Barriers to Building

Larry Ray Hafley
Piano, Illinois

The first ten years of Asa's reign over Judah were characterized by peace and prosperity (2 Chron. 14: 1-8). However, he did not permit idleness walled; towered cities with barred gates were built to withstand the savage siege of future fierce conflict. "So they built and prospered."

There is again a great need for building within the ranks of righteousness, but as always there are obstacles to be overcome. What and where are the barriers to building? They are with in the camp. This is not readily received. It has ever been easier to point at the enemies of God on the horizon "out yonder," than it has been to recognize and realize that hindrances to truth are attitudes within the hearts of us as God's soldiers

1. Undue Concern A bout Personal Matters. In the post-Babylonian captivity years, the Jews were eventually allowed to rebuild the temple in Jerusalem, but because of their private affairs they neglected the house of the Lord (Hag. 1:4). So today God's house is stranded and abandoned. Elders, deacons, preachers, and saints are overwhelmed in the frothing mad rush for luxurious living. The wicked wax worse and worse, the feeble faint, and the rebellious remain unrestrained because brethren must try their five yoke of oxen. The cares of this world, the deceitfulness of riches and the lust of other things entering in have stifled the saints and choked the church. "No man that warreth entangleth himself with the affairs of this life; that he may please him who hath chosen him to be a soldier" (2 Tim. 2:4).

2. Lack of Love for the Erring. It takes something and somewhat more than courage to talk to a person about his soul. It takes love. The synonym for that word is concern. The shepherd did not leave ninety-nine sheep to seek for one he deplored, detested, and despised. As his search was the expression of love for the lost, so our neglect manifests indifference if not ill will. Churches often wither because erring members do not receive nourishing and cherishing from brethren who love them "even as a nurse ... her children" (1 Thess. 2:7). "Brethren, if any of you do err from the truth, and one convert him; let him know that he which convertest the sinner from the error of his way shall save a soul from death, and shall hide a multitude of sins" (Jas. 5:19, 20).

3. Church Becomes Content to "Keep House." Congregations that possess no interest in spreading the gospel are freaks when compared to the New Testament. The Jerusalem church sent Barnabas over three hundred miles to preach the gospel (Acts 11:22). Philippi sent Epaphroditus, their "messenger," to Rome to tend to Paul in Prison. They had more than once sent to relieve his necessity (Phil. 2:25; 4:15, 16). A plurality of churches sent assistance to Paul in Corinth (2 Cor. 11:8). Self-centered churches cannot build, prosper, and grow. To be carbon copies of New Testament activity, churches must, like "the church of the Thessalonians" sound "out the word of the Lord not only" in the local area, "but also in every place" (1 Thess. 1:8). It requires initiative and energy to SOW the gospel seed outside the local field, but lacking our modern modes of mass communication and destitute of overseeing or sponsoring elderships, New Testament congregations brought forth fruit in faith, by the faith, and for the faith outside their immediate geographical area (Phil. 4:17). The lesson is ours and ought to be learned. To the souls of men we must carry the message of immortality.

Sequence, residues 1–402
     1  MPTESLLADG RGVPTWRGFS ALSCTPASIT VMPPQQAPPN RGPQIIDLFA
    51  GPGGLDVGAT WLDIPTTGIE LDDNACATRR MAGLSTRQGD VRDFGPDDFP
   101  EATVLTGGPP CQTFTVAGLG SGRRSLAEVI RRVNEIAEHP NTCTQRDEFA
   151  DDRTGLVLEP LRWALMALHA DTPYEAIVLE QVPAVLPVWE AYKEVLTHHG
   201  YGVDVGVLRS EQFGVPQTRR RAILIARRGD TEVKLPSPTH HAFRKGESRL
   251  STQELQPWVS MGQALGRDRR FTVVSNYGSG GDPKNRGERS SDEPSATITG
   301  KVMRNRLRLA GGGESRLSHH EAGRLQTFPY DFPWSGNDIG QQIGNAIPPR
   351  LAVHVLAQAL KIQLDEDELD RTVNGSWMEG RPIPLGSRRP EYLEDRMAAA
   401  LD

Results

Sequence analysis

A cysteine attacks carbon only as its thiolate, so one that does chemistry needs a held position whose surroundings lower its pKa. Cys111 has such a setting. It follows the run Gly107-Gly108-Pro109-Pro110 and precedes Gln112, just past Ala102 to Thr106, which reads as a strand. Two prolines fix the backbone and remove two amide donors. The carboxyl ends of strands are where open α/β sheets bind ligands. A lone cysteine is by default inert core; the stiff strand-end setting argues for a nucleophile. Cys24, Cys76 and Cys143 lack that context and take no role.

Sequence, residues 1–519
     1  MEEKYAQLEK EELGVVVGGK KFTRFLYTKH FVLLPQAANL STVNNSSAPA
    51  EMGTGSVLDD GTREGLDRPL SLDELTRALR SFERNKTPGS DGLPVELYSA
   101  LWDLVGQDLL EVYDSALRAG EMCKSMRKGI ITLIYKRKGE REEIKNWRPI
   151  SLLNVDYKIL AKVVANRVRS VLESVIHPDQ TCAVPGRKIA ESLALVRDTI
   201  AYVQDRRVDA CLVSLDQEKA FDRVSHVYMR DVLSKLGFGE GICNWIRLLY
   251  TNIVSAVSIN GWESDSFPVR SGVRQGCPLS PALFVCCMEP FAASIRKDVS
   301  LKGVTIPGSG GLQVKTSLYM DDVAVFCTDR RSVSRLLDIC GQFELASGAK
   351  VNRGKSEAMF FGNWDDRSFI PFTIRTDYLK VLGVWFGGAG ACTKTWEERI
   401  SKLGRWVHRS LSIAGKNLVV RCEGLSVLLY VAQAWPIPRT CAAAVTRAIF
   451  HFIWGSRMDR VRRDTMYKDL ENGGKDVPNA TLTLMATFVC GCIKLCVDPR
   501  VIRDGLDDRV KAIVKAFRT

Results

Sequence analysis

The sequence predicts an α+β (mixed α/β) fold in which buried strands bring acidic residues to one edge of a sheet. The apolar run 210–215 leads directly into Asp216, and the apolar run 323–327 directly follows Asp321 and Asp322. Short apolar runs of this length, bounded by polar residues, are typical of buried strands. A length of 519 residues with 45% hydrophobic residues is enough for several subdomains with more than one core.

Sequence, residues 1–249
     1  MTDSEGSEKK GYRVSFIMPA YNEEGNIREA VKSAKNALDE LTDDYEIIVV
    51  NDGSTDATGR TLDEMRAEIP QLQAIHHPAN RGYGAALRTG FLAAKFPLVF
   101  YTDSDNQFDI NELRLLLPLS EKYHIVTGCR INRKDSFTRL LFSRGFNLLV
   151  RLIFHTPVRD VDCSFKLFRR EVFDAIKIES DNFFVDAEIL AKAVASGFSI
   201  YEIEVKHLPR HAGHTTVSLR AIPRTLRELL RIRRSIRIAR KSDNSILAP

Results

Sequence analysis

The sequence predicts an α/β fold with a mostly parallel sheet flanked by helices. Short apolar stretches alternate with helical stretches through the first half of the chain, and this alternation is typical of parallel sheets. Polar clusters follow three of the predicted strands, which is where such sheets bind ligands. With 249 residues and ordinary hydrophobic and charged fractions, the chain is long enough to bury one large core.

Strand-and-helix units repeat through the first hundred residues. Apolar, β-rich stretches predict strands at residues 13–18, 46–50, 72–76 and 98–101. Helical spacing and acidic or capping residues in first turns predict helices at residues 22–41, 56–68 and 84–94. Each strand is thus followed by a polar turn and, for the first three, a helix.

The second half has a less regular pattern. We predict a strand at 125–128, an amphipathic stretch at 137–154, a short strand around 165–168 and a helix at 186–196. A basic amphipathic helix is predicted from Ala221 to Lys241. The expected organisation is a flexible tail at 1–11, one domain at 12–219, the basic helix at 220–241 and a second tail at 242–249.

4. Church Becomes a "speak Easy." Within the cozy confines of some church buildings it is thought to be the apex of impropriety for the preacher to raise his voice, indict error with his index finger, or to call names. The preacher in such an unsanitary situation generally has a wet wash rag where his backbone ought to be. He is a gospel invertebrate. Such a one is just as much at home at a sectarian supper or a denominational dinner as he is during a gospel meeting where he mouse-meekly mouths a "return to the old paths." He can live with brethren and with ecumenical aliens. He therefore classifies as a religious amphibian. What's the cure? I recommend a heart transplant. Attitudes source forth from the heart to deprecate and defile (Matt. 15:18). Churches that are beacons, bastions, and bulwarks of the truth will react in rebuke to those whose course is characterized by compromise rather than conviction with courage. Those who err from the truth are to be labeled and their mouths stopped shortly and sharply (Titus 1:10-13; 2 Tim. 2:16-18). Elders should lead the fight (Titus 1:9).

5. Love of This World's Goods, Gold, and Glitter. The words ornate, lavish, and plush have replaced sound, forceful, and uncompromising as descriptions of churches. Elaborate emphasis is pressed on the material rather than the spiritual, so the physical prospers and the spiritual suffers. It is assumed that "quiet, air-conditioned sanctuaries" with "spacious fellowship facilities" are certain symbols of spiritual strength. If so, then we might as well not oppose wealthy Catholicism, for her splendor and grandeur make her the true church of God.

Wherever the church meets, in a private home, a rented gymnasium, or in an empty warehouse, it exists as God's house, the Spirit's temple, and the Son's purchased pos session. Will a man rob God of glory in his highest, finest, noblest spiritual creation by bestowing awe and homage upon the place of worship?

CONCLUSION: Barriers to building have their origin in attitudes, their effect in error, and their result in apostasy. Such hurdles are a summons to service, an arousal to arms. In the battle array of God's armor we must join the fray for the faith. "Awake thou that sleepest!"

June 1969